The Church of São Domingos, a baroque church located in the historic center of Lisbon, next to Praça do Rossio, dates from the 13th century and, in addition to being an important church because royal weddings were celebrated here, is also the protagonist of a history that still makes us shiver today.
The first stone of the Church of São Domingos was laid in 1241, and since then, it has undergone successive restoration and expansion campaigns.
The architectural style of the Church of São Domingos is a mixture of the different periods and influences that shaped it, including in 1748, with the reform implemented by Frederico Ludovice to the chancel, as well as the subsequent reconstruction work by Manuel Caetano Sousa and the reconstruction works that took place after the great fire of 1959. Of the various elements that constitute it, the Mannerists and Baroque stand out.
This Baroque church is classified as a National Monument. It contains mannerist features, with a single nave in a Latin cross, a prominent transept, a rectangular chancel, a circular crypt, a cloister and a sacristy. The exterior is characterized by the simplicity of lines and the interior is rich and eclectic, highlighting its large columns, marble and tiles.
But it is a story that happened here more than 500 years ago that has marked the history of this church forever.
It was in the Church of São Domingos that one of the darkest episodes in Lisbon’s history began: the massacre of the city’s Jews in 1506.
On April 19, 1506, the faithful filled the church, calling for an end to the drought and plague, when a light entered the church and someone said they saw the face of Christ illuminated. Soon everyone started shouting that it was a miracle. In the midst of this, there was a dissenting voice: a new Christian, that is, a Jew who was forced to convert, tried to argue that it was just a physical phenomenon, caused by the reflection of light. Enraged, the crowd turned on him and beat him to death.
It was the beginning of three days of slaughter in the city of Lisbon. The story goes that the Dominican friars cried out against the Jews and urged the people to kill the “heretics”. Many people had already left the city because of the plague, but those who stayed, to which were joined many passing sailors – “of ships from Holland, Zealand, Germany and other place”, wrote Damião de Góis -, did not spare the Jews who crossed their path. Men, women and children were tortured, massacred and burned at the stake, many of them right there near the Church of São Domingos. Between 2,000 and 4,000 Jews are said to have died.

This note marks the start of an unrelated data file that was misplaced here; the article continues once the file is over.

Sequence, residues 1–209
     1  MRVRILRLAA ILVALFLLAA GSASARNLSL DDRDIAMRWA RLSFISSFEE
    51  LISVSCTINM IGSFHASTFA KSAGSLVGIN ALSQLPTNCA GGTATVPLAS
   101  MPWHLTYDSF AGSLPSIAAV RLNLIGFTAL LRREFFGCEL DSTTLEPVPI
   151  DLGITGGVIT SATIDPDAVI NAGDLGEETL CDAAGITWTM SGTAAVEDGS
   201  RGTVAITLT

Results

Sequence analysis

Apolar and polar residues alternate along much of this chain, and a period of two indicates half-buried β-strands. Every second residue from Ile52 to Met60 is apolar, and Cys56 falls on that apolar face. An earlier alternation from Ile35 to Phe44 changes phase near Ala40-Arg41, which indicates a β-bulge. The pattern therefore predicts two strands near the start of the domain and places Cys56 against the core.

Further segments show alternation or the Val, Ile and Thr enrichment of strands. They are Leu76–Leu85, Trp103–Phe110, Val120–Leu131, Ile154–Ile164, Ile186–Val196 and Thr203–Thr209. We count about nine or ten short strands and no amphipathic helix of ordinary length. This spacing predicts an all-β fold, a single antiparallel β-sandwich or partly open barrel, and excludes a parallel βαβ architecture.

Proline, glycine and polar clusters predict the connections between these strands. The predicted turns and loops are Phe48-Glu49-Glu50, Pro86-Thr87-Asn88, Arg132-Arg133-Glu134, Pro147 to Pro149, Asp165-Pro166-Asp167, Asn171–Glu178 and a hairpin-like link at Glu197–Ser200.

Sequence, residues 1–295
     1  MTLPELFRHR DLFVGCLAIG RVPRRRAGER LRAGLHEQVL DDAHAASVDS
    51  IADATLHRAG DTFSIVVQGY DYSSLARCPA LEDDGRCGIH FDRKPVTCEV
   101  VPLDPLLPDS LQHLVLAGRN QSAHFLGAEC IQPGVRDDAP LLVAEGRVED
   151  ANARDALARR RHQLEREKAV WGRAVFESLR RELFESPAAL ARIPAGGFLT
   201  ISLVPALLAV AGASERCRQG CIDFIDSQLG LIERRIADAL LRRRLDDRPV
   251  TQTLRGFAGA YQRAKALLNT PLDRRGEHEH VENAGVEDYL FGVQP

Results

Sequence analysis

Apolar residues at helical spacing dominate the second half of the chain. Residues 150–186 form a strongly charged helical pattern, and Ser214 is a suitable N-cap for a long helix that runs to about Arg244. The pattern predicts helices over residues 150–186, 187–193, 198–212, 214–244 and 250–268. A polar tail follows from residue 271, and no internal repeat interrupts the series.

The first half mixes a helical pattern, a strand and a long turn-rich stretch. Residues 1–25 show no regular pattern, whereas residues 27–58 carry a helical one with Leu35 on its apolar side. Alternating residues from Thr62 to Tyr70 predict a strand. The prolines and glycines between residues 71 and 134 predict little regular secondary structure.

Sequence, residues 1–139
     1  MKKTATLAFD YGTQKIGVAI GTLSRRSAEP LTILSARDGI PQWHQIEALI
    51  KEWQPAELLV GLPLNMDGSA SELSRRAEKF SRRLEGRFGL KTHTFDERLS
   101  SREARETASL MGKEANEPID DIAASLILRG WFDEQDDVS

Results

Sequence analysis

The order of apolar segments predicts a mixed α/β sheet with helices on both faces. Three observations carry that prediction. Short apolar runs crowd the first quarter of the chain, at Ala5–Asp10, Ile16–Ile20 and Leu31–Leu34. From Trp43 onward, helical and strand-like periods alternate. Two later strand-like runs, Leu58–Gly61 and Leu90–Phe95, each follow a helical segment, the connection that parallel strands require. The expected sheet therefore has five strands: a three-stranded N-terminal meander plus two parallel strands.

Damião de Góis wrote: “And since they were unable to find new Christians on the streets, they went to rob the houses where they lived and dragged them to the streets, with their sons, women and daughters, and threw them into the mix, alive and dead, at the campfires, without mercy. ”
25 years later, in 1531, a terrible earthquake damaged the church, that was restaured. In 1755, the great Lisbon earthquake damaged the church once again and badly. And it was not the last tragedy. A fire occurred on August 13, 1959.
When the church was rebuilt (it reopened in 1994), it was decided to leave the marks of what had happened. Today the burned walls remind us of the story of the massacre of 1506 – as if the words of hatred of the Dominican friars and the sound of the angry mob and the screams of the Jews still echoed.